In his landmark 1999 essay, “Scientific Communication — A Vanity Fair?” polymath Georg Franck warned readers that our dependence on citation counting could result in a “shadow market,” where journal editors coerce authors into bolstering their citation counts by requiring that unnecessary journal references be added to a manuscript prior to acceptance.
A new article published in Science this week suggests that this fear may have already become a reality, at least for the business and marketing literature.
The article, “Coercive Citation in Academic Publishing,” analyzed the nearly 7,000 responses from an online questionnaire sent to researchers in economics, sociology, psychology and business. The researchers were particularly interested in whether editors attempted to coerce authors into citing more articles from their own journal. A coercive self-citation request was defined as a request for more journal citations without providing specific relevant articles or indicating that the manuscript was lacking in attribution.
The researchers report that one in five respondents described being coerced by editors. While the vast majority of respondents (86%) viewed citation coercion as inappropriate behavior, more than half (57%) indicated that they would consent to the request. Not surprisingly, lower-ranked faculty were more likely to acquiesce to coercion. The culture of citation coercion also appears to be much more of a problem in business than economics, sociology, or psychology. A list of the biggest journal offenders are found in supplementary table S12.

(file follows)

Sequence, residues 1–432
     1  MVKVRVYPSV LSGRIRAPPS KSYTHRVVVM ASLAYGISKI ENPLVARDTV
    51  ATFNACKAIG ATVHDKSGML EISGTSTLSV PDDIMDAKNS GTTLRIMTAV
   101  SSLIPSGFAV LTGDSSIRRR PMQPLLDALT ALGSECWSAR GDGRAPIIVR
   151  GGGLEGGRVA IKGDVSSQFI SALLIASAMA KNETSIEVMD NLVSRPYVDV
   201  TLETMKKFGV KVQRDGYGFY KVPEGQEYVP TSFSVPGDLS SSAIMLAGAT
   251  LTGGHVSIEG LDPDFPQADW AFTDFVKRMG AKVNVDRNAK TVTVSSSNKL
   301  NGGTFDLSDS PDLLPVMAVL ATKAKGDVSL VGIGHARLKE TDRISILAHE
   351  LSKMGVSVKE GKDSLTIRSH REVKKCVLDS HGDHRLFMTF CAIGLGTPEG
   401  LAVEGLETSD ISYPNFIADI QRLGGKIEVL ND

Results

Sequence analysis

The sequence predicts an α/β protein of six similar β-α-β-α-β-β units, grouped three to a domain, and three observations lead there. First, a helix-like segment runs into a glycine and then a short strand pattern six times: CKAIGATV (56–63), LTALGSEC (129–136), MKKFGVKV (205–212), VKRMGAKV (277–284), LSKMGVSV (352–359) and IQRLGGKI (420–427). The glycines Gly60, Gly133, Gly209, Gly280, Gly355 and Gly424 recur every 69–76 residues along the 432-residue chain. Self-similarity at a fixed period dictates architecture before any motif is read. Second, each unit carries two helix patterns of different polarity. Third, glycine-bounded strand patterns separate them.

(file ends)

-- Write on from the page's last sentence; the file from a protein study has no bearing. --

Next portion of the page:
The researchers also reported that journals published by commercial presses or societies were more likely to attempt citation coercion than journals published by university presses.
To me, this is the weakest part of the analysis since the authors didn’t distinguish between who runs the operation of the journal and who publishes it. Many scholarly journals are owned and operated by a society who may select a commercial publisher to host it. Even so, scholars are largely in control of the editorial office and review process of a journal, whoever publishes the journal. For the record, Elsevier is the publisher of 4 of the top 5 journal offenders.
Citation gaming is as old as the process of attribution itself, and we shouldn’t be shocked that inappropriate citation behavior is occurring. This study suggests that citation coercion is a problem for a number of journals in business, yet we should be hesitant to conclude that the problem is acute and widespread. While there are clear benefits for a journal engaging in citation coercion, there is also real potential for doing harm.
Most of the respondents in the study felt that citation coercion was inappropriate, depressed the prestige of the journal, and reduced the likelihood that authors would engage with that journal in the future. Thomson Reuters also monitors self-citations when calculating a journal’s impact factor, and may delist a journal when self-citation rates become too high or changes the relative ranking of a journal within its field. No editor wants to be known as the one who put the journal in “time out.”
In sum, the results of this study put real numbers to what many have reported anecdotally over the years. It also points to errant behaviors that may be more acceptable in some fields than others. Any variable that is used to evaluate science is susceptible to manipulation. Developing tools to detect, report, and hold accountable those who view citations as little more than marketing tools is critical for those of us who still view the citation as a tool for scholarly attribution.